obsessing on sounds and sights, worrying, developing fears and negative
They basically over-react to anything and
6. Families fare better with Border Collie
MIXES. Densely populated situations are better for Border Collies who
have already successfully lived that way. The more intense herding
oriented Border Collies need active adult homes who regularly hike, play
ball and frisbee and involve the dog in an athletic life.
PLEASE CONSIDER YOUR HOME
LIFE SITUATION BEFORE APPLYING.
THERE ARE NO EXCEPTIONS TO
THE POLICY OF ADOPTING TO HOMES
WITH CHILDREN UNDER 7...WE DO NOT DO THIS ANY
After two biting incidents with perfectly
trustworthy dogs, we no longer are willing to take this risk under any
circumstances. If your child is 6, then a puppy could be considered
but no adoptions with children under 7 otherwise. Dogs perceive
small children as other dogs, not humans with any authority, so when any
issue arises, the dog will respond just as they would to make another dog
go away...growl, nip or bite. Once a child is old enough to have
some authority, the dog can better understand the alpha orientation needed
to create safe relationships. And, no matter how attentive a parent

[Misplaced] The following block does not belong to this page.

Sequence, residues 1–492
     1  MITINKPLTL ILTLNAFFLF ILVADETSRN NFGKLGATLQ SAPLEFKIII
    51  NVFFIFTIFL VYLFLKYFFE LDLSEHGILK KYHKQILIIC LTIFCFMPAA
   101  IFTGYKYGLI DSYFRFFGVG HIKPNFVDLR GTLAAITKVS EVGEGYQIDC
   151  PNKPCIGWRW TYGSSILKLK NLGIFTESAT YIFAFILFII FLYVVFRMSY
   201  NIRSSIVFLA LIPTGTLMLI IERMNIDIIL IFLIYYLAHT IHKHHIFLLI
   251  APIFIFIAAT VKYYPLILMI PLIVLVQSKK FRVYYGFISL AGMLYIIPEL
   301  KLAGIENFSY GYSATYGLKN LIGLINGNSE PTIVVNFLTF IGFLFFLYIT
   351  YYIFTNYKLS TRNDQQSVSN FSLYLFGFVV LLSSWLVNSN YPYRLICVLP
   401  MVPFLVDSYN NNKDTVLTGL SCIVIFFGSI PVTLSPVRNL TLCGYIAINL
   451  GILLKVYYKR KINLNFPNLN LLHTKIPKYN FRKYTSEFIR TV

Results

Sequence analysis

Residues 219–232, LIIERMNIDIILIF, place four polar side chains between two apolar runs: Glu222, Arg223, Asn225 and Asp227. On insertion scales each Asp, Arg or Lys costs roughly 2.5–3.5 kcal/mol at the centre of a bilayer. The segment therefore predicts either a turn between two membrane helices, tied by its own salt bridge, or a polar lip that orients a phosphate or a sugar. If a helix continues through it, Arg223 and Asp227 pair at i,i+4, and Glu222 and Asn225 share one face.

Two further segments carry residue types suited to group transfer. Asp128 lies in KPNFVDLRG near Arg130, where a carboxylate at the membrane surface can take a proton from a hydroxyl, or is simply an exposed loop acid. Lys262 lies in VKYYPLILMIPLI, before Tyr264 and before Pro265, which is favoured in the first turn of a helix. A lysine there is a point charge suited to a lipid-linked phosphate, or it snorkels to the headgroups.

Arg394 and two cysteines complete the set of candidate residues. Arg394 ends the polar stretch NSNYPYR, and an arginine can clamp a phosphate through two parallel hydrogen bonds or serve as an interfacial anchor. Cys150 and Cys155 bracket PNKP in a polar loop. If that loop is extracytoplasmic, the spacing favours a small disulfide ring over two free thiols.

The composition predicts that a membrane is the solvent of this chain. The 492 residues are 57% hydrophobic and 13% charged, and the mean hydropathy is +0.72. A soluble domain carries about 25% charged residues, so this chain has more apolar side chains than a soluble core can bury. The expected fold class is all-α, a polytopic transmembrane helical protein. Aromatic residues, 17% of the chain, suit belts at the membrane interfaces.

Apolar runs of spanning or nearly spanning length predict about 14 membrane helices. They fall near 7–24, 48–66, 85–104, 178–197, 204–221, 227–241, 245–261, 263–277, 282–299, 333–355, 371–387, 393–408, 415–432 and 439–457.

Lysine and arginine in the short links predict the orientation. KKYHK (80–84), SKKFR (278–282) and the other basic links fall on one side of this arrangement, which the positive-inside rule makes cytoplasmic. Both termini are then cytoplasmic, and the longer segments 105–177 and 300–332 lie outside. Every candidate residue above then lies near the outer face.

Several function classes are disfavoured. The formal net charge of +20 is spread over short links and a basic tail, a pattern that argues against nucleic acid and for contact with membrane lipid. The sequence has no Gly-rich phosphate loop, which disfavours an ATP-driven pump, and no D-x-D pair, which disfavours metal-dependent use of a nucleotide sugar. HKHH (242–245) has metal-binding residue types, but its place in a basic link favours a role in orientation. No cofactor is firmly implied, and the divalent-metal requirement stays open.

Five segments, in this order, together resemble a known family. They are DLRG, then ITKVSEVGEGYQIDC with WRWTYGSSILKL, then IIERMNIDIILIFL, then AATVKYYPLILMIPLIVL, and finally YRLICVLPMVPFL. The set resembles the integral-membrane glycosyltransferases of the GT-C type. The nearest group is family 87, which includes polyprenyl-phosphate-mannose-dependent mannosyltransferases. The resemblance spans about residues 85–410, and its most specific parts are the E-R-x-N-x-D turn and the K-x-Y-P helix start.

can be, there is no way to continually monitor children with the vigilance
that is necessary.
1) Fill out an application via online or fax, we
pre qualify you via phone. A reference check with be conducted and we'll
have a conversation about dogs of interest as well as dogs we'd suggest
fit best. Questions you might have would be answered during this call. (click
here for application - Word version) (click
here for PDF version) Email application to
2) Visit with the dog(s), all family members
should participate, including any other dogs. (Adoptions are by
appointment only. We welcome visitors (non-adopters) to the Farm but
also by appointment only.)
3) The adoption then occurs. A contract is
signed which stipulates that any time during the dog's life, we
will take the dog back if you cannot keep them.
4) Follow-up is an important part of a
successful adoption and we want to be a resource to help solve issues or
questions as they arise, so there are periodic check-ins to say hello.
At Glen Highland Farm, each and All records of
treatments and associated costs are provided to each adopter, as well as
the necessary medical forms for the vet. The adoption fee for each dog
is $325 which goes toward the costs of all the dogs cared for at Glen
are a non-profit, funded purely through donations and adoption fees.
YOU HAVE WHAT IT TAKES?
People often ask
"will they be approved to adopt a dog from the Farm"? So,
this is written to help answer that question.
If you come to